Internet Supports Redditor Who Wants to Leave Niece With Inheritance But Not Nephew

A Redditor who goes only by u/throwaway_inheret went viral after posting about how they wanted to give their niece an inheritance but not their nephew.

In the "Am I The A**hole" post, which received more than 10,700 votes in less than 17 hours, the Redditor explained that a few months ago they were diagnosed with a terminal illness and were given about one to two years to live.

"I'm dealing with it. I've had a good life and no regrets," u/throwaway_inheret wrote. "Part of dealing with it is getting my affairs in order before I leave the stage."

User u/Throwaway_inheret explained in the post that their sister has two children, a 13-year-old daughter from a previous marriage and a five-year-old son with her new husband.

"My niece's father skipped out on them and my sister had a rough time of it, so I helped them out early on," the Redditor explained. "Her husband is well off so they're set now, but it's become very obvious to me over the years that he wishes my niece weren't in their lives."

The post explained that the niece is not neglected but that she is often left out of things and the nephew is "heavily favored."

"I've talked to my sister about it at various points, but she's in denial and I don't think would ever have the courage to stand up to her husband. I've tried to make it up to my niece in quiet ways, but I know it still hurts and I worry about her," u/Throwaway_inheret wrote.

The Redditor explained that they are sitting on a "large chunk of change" and also have a retirement fund that they will not use.

"My sister has made no plans for my niece's college or anything else, but the girl is incredibly smart and hardworking in school and she deserves a chance to make the most of herself," the post read. "It's my intention to have everything put in trust for her after my death, managed by my executor until she's 25 so that her parents can't touch it, she can have money for school, and some time to mature before being fully in control."

The post also explained that the Redditor's nephew has a trust fund from his father and that he does not need the money.

"Ironically, this would put her in a better financial position than the rest of the family, but I think that's justice at this point considering how much she's put up with and missed out on," u/Throwaway_inheret wrote.

The post explained that when the Redditor sat down to lay out their plans, their sister was "deeply offended" because she and her son were "excluded." The sister said she thinks the money should all be left to her and that it can be equally split between the kids.

"My father loathes BIL and said he agrees with me not letting him or my sister near the trust, but I could leave my nephew something to save face," the post read. "My mother is too distraught to have an opinion right now. BIL made a joke later about contesting the will, and my sister isn't speaking to me."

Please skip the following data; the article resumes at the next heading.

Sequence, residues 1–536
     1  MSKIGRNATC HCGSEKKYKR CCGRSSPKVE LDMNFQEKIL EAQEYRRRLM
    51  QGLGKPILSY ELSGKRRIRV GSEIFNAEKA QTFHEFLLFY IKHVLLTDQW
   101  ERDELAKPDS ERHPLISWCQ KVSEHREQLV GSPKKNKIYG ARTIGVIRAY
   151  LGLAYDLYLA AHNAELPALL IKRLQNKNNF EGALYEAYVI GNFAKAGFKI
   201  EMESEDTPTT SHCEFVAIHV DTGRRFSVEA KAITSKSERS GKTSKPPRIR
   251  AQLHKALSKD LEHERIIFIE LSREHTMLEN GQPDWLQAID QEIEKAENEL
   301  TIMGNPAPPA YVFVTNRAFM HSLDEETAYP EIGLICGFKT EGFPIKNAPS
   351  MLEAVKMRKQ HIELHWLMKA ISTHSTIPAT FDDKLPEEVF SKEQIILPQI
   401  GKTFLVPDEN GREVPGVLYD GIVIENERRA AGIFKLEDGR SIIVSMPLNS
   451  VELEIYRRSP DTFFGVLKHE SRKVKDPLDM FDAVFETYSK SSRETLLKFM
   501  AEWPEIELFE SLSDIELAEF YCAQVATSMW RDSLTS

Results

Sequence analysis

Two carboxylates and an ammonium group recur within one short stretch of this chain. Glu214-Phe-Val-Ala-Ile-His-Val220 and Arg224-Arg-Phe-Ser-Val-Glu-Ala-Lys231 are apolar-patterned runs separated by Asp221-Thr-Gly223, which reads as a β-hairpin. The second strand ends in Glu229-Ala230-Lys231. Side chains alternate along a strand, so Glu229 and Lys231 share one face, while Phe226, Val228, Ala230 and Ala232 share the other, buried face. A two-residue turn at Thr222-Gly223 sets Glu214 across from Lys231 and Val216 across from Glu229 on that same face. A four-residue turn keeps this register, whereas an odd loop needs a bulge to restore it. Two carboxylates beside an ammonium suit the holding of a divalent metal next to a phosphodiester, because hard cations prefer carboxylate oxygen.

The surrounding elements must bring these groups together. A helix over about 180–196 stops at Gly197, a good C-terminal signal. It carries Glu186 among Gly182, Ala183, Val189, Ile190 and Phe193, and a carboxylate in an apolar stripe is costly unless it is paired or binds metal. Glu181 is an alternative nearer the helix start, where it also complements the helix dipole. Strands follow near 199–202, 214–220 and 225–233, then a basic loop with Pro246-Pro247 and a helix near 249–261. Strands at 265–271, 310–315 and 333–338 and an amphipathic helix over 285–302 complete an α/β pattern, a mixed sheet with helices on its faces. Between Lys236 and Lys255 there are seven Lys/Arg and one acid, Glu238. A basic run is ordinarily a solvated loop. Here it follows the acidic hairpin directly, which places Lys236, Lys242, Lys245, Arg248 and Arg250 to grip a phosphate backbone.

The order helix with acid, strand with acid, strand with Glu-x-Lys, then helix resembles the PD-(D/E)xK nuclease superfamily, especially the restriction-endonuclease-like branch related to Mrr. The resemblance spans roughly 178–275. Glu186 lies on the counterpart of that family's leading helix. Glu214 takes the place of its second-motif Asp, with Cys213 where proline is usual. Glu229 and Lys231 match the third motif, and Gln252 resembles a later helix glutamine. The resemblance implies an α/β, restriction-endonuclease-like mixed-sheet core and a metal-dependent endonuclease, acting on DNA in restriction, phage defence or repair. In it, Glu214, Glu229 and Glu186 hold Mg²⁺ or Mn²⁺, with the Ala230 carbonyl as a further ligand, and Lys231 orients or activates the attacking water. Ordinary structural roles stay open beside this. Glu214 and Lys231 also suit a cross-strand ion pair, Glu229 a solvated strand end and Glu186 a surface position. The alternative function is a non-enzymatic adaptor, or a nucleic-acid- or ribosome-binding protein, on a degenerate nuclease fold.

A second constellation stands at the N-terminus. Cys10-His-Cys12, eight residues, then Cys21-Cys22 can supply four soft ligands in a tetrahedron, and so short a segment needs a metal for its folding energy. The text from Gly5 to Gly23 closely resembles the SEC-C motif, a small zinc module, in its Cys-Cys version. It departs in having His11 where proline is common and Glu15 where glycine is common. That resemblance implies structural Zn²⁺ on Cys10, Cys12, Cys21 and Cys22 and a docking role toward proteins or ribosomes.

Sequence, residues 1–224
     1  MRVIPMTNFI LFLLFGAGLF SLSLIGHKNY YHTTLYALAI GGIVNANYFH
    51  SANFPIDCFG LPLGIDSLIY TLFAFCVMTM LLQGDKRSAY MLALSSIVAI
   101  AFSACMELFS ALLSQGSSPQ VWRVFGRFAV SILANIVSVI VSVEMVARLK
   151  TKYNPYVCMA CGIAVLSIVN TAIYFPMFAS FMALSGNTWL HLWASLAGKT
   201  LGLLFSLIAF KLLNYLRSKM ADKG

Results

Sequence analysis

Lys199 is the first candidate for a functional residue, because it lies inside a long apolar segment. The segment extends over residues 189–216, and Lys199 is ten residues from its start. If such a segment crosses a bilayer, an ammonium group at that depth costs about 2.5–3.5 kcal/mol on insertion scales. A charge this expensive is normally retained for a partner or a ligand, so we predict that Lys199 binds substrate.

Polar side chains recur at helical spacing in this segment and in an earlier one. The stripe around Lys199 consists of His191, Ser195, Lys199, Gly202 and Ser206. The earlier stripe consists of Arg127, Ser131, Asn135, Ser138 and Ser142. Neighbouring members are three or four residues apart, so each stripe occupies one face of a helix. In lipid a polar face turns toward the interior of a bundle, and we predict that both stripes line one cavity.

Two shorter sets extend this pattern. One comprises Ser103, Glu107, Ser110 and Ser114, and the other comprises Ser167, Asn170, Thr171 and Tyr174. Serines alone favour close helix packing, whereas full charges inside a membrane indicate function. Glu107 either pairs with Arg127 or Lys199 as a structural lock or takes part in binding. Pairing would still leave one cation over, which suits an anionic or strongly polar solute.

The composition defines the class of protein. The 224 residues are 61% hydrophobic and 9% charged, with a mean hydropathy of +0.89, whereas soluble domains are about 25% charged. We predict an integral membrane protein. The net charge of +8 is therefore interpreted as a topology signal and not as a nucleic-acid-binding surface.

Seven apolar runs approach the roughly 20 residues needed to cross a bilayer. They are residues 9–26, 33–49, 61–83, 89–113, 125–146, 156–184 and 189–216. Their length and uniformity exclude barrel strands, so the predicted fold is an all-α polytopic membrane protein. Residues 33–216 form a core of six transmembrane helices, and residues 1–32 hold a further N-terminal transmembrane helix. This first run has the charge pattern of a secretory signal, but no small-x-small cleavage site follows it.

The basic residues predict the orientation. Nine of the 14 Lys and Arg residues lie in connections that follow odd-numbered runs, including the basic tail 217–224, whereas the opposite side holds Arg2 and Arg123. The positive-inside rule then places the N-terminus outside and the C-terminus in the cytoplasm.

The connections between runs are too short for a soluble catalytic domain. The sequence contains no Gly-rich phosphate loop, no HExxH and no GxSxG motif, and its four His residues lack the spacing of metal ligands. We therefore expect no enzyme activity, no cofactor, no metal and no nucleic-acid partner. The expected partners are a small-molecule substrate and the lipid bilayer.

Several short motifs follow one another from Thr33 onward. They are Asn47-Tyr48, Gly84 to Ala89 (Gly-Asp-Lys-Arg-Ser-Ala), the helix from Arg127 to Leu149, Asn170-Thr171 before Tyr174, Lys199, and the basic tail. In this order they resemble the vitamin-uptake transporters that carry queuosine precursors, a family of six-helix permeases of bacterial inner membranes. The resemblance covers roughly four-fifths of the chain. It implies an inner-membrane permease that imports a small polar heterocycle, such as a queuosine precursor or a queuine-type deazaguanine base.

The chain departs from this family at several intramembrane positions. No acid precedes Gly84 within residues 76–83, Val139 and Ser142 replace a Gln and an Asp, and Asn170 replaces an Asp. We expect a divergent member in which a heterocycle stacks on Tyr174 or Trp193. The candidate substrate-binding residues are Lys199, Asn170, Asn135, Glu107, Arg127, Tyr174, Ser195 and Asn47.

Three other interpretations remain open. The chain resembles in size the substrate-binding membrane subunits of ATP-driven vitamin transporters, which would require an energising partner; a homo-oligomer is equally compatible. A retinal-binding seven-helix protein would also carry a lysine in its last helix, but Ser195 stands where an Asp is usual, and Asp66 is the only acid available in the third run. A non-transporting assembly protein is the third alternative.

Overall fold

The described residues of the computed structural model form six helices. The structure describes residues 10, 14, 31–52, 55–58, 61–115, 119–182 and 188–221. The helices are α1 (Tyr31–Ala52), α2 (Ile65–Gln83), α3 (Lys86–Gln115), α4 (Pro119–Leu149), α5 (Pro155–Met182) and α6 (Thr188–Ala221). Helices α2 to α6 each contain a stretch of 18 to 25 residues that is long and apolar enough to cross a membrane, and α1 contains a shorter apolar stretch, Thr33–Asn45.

The Redditor said they feel the responsibility to look after their niece and believe their nephew is being looked after. But, they wrote that they also love their nephew and don't want him to feel bad when he gets older so they left him some non-monetary items.

Stack of money
A Redditor went viral after stating they planned on leaving their niece with an inheritance but not their nephew. Many suggested that the Redditor get a good lawyer so the will cannot be contested after death. OZAN KOSE/AFP via Getty Images

More than 1,140 users left comments on the post, with many suggesting that u/throwaway_inheret find a lawyer to help them with the situation.

"Another option could be to set up a trust for her before you pass away," one user suggested. "Either way you really need a lawyer."

Others mentioned the possibility that the Redditor's sister could contest the will. While the laws vary by state, "interested parties" listed in the official will have the opportunity to challenge what is written. In this case, users worried that u/Throwaway_inheret's sister or brother-in-law would attempt to contest the will and have her and her son added.

But some mentioned that in order to contest, the sister would have to be named as a beneficiary. In some cases of intestacy, or dying without a will, individuals can challenge that they should inherit the property and money.

In the comments, one user suggested that u/Throwaway_inheret check with a lawyer to be sure the money will go only to their niece.

"The laws governing disinheriting someone vary. It could be you have to explicitly name them and state you are disinheriting them, or you have to give a 'token amount' to demonstrate they weren't accidentally forgotten," the user commented. "Same thing with introducing a do-not-contest clause."

But others mentioned that normally, the next of kin or spouse is able to contest and u/Throwaway_inheret does not have either.

"OP really just needs to set up the trust ahead of time while they're alive," another user suggested. "No question of questionable disinheritance if it's done pre death."